By Dec. 3, Mr. Habibullah's reputation for defiance seemed to make him an open target. One M.P. said he had given him five peroneal strikes for being "noncompliant and combative." Another gave him three or four more for being "combative and noncompliant." Some guards later asserted that he had been hurt trying to escape.
    When Sgt. James P. Boland saw Mr. Habibullah on Dec. 3, he was in one of the isolation cells, tethered to the ceiling by two sets of handcuffs and a chain around his waist. His body was slumped forward, held up by the chains.
    Sergeant Boland told the investigators he had entered the cell with two other guards, Specialists Anthony M. Morden and Brian E. Cammack. (All three have been charged with assault and other crimes.) One of them pulled off the prisoner's black hood. His head was slumped to one side, his tongue sticking out. Specialist Cammack said he had put some bread on Mr. Habibullah's tongue. Another soldier put an apple in the prisoner's hand; it fell to the floor.
    When Specialist Cammack turned back toward the prisoner, he said in one statement, Mr. Habibullah's spit hit his chest. Later, Specialist Cammack acknowledged, "I'm not sure if he spit at me." But at the time, he exploded, yelling, "Don't ever spit on me again!" and kneeing the prisoner sharply in the thigh, "maybe a couple" of times. Mr. Habibullah's limp body swayed back and forth in the chains.
    When Sergeant Boland returned to the cell some 20 minutes later, he said, Mr. Habibullah was not moving and had no pulse. Finally, the prisoner was unchained and laid out on the floor of his cell.
    The guard who Specialist Cammack said had counseled him back in New Jersey about the dangers of peroneal strikes found him in the room where Mr. Habibullah lay, his body already cold.
    "Specialist Cammack appeared very distraught," Specialist William Bohl told an investigator. The soldier "was running about the room hysterically."
    An M.P. was sent to wake one of the medics.
    "What are you getting me for?" the medic, Specialist Robert S. Melone, responded, telling him to call an ambulance instead.
    When another medic finally arrived, he found Mr. Habibullah on the floor, his arms outstretched, his eyes and mouth open.
    "It looked like he had been dead for a while, and it looked like nobody cared," the medic, Staff Sgt. Rodney D. Glass, recalled.
    Not all of the guards were indifferent, their statements show. But if Mr. Habibullah's death shocked some of them, it did not lead to major changes in the detention center's operation.
    Military police guards were assigned to be present during interrogations to help prevent mistreatment. The provost marshal, Major Atwell, told investigators he had already instructed the commander of the M.P. company, Captain Beiring, to stop chaining prisoners to the ceiling. Others said they never received such an order.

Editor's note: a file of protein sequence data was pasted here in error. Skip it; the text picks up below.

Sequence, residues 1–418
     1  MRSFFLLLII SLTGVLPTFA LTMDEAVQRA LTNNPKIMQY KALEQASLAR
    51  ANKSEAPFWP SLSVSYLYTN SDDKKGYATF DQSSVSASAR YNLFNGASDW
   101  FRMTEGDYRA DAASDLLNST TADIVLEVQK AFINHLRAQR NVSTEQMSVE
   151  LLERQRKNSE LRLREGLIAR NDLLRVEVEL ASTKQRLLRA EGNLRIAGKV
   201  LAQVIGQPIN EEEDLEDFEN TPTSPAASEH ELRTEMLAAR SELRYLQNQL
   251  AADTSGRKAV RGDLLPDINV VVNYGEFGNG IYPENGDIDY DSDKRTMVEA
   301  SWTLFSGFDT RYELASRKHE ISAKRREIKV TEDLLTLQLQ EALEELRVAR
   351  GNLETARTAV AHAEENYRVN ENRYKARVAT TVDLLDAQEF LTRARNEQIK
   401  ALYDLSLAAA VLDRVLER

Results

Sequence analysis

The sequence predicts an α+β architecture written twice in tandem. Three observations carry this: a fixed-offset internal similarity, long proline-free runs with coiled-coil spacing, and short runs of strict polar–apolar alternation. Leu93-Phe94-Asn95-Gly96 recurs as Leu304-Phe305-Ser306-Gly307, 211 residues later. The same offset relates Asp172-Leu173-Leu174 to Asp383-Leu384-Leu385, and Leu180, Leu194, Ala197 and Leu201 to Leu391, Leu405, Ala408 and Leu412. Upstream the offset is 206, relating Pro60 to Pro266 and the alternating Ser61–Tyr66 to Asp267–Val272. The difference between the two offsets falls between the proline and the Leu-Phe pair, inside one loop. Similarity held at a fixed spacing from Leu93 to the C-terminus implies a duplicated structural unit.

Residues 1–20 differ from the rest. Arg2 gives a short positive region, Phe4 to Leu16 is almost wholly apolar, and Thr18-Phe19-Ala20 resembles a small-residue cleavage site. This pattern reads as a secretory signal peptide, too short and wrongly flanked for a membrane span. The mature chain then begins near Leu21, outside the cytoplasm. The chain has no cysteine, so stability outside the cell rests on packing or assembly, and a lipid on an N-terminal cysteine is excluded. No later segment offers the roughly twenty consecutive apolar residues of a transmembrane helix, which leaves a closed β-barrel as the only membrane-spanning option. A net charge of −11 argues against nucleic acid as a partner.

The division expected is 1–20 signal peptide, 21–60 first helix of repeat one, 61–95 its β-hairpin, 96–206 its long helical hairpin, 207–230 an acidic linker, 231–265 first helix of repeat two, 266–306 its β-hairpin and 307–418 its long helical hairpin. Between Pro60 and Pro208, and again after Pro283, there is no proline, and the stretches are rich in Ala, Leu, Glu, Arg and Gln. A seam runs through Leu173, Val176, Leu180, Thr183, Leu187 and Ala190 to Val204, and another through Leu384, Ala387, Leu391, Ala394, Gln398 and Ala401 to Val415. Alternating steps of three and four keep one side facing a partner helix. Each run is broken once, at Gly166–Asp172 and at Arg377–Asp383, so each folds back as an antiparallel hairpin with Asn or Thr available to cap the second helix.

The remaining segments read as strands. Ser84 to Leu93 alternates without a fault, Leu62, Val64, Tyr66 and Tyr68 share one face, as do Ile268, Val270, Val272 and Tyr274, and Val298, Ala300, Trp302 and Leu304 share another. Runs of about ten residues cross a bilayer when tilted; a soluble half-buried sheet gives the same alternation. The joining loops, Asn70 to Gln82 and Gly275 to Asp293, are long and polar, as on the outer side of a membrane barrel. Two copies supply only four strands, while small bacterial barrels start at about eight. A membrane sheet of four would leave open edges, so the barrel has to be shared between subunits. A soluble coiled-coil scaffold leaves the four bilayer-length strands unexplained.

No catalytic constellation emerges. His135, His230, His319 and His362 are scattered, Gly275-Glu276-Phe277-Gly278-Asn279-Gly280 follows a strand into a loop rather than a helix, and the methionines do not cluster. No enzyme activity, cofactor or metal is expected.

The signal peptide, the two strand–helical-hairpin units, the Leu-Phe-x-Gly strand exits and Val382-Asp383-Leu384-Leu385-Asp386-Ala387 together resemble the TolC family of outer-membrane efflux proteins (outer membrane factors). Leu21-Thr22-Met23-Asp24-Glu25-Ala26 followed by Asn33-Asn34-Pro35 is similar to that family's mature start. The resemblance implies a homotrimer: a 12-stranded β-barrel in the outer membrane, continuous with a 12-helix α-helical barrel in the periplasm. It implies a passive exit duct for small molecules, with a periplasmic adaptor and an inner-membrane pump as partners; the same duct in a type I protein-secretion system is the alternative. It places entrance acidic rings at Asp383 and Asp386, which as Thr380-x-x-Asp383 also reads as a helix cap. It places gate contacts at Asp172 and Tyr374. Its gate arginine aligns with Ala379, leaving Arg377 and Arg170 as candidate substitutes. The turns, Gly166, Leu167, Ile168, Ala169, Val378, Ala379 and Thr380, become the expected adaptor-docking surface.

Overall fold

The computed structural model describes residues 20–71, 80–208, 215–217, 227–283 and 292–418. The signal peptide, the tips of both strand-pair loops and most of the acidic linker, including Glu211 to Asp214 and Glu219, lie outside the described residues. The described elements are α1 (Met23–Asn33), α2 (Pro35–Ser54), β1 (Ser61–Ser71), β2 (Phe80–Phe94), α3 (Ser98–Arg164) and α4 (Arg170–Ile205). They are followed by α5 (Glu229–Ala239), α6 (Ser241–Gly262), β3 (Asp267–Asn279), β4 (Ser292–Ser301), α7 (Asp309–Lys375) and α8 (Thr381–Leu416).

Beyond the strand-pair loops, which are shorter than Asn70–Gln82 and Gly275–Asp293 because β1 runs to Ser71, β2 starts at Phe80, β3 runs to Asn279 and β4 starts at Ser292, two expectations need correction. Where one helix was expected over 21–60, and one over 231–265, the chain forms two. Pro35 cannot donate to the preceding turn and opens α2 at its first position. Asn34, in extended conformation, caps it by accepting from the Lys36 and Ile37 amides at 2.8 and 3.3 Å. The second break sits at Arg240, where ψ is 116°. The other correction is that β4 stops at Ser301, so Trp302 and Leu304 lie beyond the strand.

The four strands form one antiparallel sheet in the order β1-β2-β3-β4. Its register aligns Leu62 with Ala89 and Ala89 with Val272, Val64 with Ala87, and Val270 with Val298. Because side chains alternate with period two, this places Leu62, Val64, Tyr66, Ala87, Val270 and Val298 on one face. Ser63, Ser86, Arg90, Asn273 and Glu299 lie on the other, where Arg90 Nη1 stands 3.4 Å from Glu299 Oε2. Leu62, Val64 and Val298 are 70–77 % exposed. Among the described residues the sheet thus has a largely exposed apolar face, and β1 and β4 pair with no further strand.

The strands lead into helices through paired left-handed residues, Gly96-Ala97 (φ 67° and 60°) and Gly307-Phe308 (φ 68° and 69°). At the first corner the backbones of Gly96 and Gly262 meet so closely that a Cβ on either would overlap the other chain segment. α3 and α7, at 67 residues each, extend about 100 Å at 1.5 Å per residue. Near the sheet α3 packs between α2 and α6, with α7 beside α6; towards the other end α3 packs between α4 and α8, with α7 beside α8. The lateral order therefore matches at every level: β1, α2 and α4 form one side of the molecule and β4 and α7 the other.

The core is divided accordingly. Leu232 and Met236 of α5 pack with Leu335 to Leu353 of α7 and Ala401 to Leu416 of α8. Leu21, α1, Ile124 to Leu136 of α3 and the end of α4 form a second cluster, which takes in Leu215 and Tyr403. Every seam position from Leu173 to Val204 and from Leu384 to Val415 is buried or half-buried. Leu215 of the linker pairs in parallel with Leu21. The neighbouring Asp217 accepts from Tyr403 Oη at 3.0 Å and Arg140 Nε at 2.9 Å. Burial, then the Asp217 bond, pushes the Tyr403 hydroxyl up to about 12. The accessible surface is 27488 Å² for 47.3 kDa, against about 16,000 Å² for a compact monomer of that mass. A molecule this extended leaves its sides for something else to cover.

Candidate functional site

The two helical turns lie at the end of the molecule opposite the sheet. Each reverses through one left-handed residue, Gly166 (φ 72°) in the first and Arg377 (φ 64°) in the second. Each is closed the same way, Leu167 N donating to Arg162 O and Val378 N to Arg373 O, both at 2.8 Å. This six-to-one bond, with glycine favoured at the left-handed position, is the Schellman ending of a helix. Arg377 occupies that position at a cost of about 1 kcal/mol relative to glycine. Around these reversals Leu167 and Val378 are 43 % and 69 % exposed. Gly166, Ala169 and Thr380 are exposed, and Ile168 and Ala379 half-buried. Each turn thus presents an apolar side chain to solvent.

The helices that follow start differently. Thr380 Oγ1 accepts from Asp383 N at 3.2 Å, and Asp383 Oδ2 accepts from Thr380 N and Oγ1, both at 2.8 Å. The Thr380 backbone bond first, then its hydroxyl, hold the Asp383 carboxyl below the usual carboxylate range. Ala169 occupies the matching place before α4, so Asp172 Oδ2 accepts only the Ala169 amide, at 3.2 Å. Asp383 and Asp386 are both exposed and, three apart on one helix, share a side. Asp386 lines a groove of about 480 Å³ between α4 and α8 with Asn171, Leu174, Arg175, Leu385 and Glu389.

Senior officers later told investigators that they had been unaware of any serious abuses at the B.C.P. But the first sergeant of the 377th, Betty J. Jones, told investigators that the use of standing restraints, sleep deprivation and peroneal strikes was readily apparent.
    "Everyone that is anyone went through the facility at one time or another," she said.
    Major Atwell said the death "did not cause an enormous amount of concern 'cause it appeared natural."
    In fact, Mr. Habibullah's autopsy, completed on Dec. 8, showed bruises or abrasions on his chest, arms and head. There were deep contusions on his calves, knees and thighs. His left calf was marked by what appeared to have been the sole of a boot.
    His death was attributed to a blood clot, probably caused by the severe injuries to his legs, which traveled to his heart and blocked the blood flow to his lungs.
    The Shy Detainee
    On Dec. 5, one day after Mr. Habibullah died, Mr. Dilawar arrived at Bagram.
    Four days before, on the eve of the Muslim holiday of Id al-Fitr, Mr. Dilawar set out from his tiny village of Yakubi in a prized new possession, a used Toyota sedan that his family bought for him a few weeks earlier to drive as a taxi.
    Mr. Dilawar was not an adventurous man. He rarely went far from the stone farmhouse he shared with his wife, young daughter and extended family. He never attended school, relatives said, and had only one friend, Bacha Khel, with whom he would sit in the wheat fields surrounding the village and talk.
    "He was a shy man, a very simple man," his eldest brother, Shahpoor, said in an interview.